Montpelier The devastation wrought by Superstorm Sandy last month serves as a sad reminder that climate change is real; and it is having a very real and detrimental impact on our communities, our families and our livelihoods.
The economic and human costs of Sandy are staggering. We cannot wait for the next Sandy or Irene, or the next historic blizzard, heat wave, drought or wildfire. We must address the causes of climate change and prepare for its inevitable impacts. We need to plan, and we need to act.
Vermont has an opportunity to lead this effort. Living in small communities, close to the land, we know first-hand that everything is interconnected; vibrant communities, healthy people, well-balanced ecosystems and a strong economy go hand-in-hand. We see that when ecological systems become unbalanced there is a corresponding detrimental impact on our lives and our pocketbooks.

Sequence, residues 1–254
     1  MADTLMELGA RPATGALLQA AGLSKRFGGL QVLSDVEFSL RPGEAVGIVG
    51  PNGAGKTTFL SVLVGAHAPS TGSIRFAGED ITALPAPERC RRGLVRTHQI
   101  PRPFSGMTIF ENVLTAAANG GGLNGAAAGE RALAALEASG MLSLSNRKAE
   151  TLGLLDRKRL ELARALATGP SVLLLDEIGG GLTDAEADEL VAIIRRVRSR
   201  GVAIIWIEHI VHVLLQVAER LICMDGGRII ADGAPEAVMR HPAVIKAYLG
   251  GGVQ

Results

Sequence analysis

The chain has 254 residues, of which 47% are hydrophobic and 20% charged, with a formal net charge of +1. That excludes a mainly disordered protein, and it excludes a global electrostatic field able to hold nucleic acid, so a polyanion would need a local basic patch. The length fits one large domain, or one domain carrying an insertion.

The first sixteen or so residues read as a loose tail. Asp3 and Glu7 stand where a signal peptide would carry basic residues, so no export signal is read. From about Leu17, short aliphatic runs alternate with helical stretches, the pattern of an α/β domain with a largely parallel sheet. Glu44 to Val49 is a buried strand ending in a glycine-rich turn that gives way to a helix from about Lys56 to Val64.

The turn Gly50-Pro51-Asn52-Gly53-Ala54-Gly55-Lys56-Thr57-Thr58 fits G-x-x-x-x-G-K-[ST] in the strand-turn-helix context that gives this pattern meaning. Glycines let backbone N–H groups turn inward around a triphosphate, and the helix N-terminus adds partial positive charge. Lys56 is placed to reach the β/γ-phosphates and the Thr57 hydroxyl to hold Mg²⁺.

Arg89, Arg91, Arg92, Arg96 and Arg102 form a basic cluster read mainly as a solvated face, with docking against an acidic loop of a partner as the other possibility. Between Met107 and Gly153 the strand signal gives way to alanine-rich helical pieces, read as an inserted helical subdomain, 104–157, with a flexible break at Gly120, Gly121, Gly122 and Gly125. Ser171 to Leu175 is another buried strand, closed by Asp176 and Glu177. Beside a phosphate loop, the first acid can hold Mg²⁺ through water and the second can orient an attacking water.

We need look no further than our backyard for evidence that this is so: in places where pollution from storm water runoff has made the waters in Lake Champlain un-swimmable, businesses that rely on visitors to the lake are suffering. Where air quality is poor, increasing numbers of children are experiencing asthma attacks that cause unnecessary suffering and economic hardship as parents miss work and pay thousands of dollars in medical expenses. Where wetlands have been compromised or destroyed, flood damage becomes more severe, impacting lives and seriously impairing already strained budgets.
After witnessing the aftermath of Superstorm Sandy, author Andrew Zolli wrote in a New York Times commentary that we must learn to be resilient – “to imbue our communities, institutions and infrastructure with greater flexibility, intelligence and responsiveness to extreme events.” At the same time, we need to take steps now to ensure that our ecosystems can bounce back and adapt to the changes we are experiencing. When we protect our environment we invest in our future resilience.